IBM has been selected by the Calgary Catholic School District (CCSD) to implement a system to track schools' power usage and reduce energy and maintenance costs. IBM is helping the district transform their schools into “smart” buildings that use new green technologies to save money and manage facilities and assets more efficiently.
The growing school district, which serves over 45,000 students in more than 100 schools, is responsible for tracking and maintaining 2,800 assets from small items like tools or keys all the way up to 600 portable classrooms that shift locations based on need.
“For the past 15 years, we have worked to make our schools more energy-efficient, whether it’s replacing lighting or properly maintaining equipment to ensure it operates at peak efficiency,” says Al Berting, the CCSD’s operations manager. “IBM software will help us take these efforts to the next level with better and timelier information about actual energy usage.”
Using IBM work and asset management software, the school will streamline the service request process for all the district’s schools through a centralized system, integrate information from diverse systems to eliminate duplication, automatically assign work to staff and contractors, and improve cost transparency be integrating with financial systems.
To date the system, being implemented in phases, has resulted in labour savings, faster responses to maintenance requests, and better-maintained and longer-lasting equipment. For example, staff previously responded to more than 30 daily service calls, many for lack of heat in portables. That has been reduced to two or three calls per week.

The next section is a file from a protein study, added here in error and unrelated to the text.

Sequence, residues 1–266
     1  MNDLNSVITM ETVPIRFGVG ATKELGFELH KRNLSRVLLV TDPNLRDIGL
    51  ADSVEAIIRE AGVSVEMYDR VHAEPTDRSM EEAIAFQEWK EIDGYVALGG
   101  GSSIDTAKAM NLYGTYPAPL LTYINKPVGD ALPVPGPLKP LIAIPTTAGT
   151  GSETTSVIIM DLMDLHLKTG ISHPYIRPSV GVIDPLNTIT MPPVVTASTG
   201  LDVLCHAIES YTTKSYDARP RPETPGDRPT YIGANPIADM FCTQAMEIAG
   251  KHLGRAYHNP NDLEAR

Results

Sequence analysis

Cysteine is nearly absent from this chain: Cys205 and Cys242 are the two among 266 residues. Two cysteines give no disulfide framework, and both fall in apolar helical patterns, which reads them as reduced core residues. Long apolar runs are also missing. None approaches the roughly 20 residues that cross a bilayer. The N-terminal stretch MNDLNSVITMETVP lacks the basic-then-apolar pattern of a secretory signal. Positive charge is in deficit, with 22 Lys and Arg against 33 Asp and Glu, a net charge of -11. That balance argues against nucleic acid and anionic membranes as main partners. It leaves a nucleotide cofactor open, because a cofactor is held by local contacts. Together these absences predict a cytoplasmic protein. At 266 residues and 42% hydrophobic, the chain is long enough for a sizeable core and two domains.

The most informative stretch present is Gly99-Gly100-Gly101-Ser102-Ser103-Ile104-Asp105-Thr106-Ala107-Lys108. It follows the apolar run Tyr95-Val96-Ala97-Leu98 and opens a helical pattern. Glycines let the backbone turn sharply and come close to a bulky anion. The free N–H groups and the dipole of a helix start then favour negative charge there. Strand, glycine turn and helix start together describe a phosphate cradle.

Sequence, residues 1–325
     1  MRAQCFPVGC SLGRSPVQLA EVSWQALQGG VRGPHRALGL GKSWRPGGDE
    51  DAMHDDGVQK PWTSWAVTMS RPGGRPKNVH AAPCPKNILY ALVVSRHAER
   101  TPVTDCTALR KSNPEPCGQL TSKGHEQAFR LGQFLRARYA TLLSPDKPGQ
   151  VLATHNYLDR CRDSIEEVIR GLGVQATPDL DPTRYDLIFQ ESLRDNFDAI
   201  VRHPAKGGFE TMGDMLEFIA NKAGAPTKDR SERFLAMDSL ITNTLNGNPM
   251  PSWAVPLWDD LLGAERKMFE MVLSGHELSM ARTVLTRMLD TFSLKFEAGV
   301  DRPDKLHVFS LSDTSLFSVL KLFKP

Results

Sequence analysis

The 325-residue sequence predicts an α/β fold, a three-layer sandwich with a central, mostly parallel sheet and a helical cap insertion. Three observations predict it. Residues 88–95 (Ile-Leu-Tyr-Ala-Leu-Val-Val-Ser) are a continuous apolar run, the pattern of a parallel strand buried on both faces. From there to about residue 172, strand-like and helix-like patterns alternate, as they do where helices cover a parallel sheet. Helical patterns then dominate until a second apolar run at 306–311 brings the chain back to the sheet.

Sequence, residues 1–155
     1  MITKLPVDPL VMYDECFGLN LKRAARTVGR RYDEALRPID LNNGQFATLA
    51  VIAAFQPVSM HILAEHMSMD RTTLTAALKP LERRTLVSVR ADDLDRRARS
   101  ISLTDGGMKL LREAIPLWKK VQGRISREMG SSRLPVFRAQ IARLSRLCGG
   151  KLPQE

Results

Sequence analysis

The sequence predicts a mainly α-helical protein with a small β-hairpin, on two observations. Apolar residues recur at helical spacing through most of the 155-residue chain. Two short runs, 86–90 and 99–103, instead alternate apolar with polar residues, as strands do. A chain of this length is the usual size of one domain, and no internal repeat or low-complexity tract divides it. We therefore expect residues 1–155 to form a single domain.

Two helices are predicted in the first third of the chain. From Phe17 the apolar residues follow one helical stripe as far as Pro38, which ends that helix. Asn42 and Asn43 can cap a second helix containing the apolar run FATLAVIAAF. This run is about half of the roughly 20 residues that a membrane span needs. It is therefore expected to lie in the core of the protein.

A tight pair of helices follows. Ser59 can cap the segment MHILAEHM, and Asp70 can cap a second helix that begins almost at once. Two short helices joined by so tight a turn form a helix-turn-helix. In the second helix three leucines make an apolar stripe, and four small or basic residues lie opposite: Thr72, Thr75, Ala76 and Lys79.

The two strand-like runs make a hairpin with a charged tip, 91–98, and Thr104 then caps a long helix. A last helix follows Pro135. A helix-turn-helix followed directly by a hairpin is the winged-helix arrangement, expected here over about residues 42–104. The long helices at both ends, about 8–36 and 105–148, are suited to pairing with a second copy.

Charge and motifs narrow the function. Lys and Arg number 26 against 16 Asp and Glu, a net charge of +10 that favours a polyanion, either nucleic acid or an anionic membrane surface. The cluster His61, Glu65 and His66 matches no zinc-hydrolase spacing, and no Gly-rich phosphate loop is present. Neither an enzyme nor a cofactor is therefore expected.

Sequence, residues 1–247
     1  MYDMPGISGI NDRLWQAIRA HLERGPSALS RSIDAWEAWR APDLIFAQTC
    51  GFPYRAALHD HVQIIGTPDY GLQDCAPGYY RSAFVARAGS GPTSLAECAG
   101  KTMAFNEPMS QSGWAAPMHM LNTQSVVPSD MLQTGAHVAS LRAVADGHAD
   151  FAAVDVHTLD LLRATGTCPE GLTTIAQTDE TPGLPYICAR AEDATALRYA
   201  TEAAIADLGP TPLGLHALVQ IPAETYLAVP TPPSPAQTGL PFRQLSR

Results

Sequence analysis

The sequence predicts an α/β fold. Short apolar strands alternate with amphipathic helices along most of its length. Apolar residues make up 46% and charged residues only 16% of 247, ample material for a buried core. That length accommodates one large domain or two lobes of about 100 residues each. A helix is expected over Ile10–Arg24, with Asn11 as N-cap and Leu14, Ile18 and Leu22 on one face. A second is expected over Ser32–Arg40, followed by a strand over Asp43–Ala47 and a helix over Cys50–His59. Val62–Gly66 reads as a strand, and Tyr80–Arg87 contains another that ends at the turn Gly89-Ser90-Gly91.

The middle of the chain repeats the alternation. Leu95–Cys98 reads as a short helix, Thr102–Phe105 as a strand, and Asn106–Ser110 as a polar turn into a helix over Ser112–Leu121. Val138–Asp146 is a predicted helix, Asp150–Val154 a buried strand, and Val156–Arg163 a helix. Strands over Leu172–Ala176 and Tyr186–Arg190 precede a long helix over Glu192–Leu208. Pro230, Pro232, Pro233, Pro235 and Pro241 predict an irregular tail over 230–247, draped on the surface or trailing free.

Using IBM software, the CCSD can review and triage maintenance requests, identify recurring breakdowns, create and track – in real time -- work orders and assign the job. In the future, the district plans to feed sensor and meter data from equipment so preventive maintenance can be triggered based on hours of use. IBM worked with Johnson Controls on the solution.
“By adding a layer of intelligence, elements of a building including temperature, electricity, ventilation, water, waste management, telecommunications, and physical security can now be integrated for better management and control,” says Florence Hudson, energy and environment executive for IBM. “Our information shows smarter, more sustainable buildings using a combination of active and designed-in technologies can reduce energy consumption and CO2 emissions by 50 per cent to 70 per cent and save 30 per cent to 50 per cent in water usage.”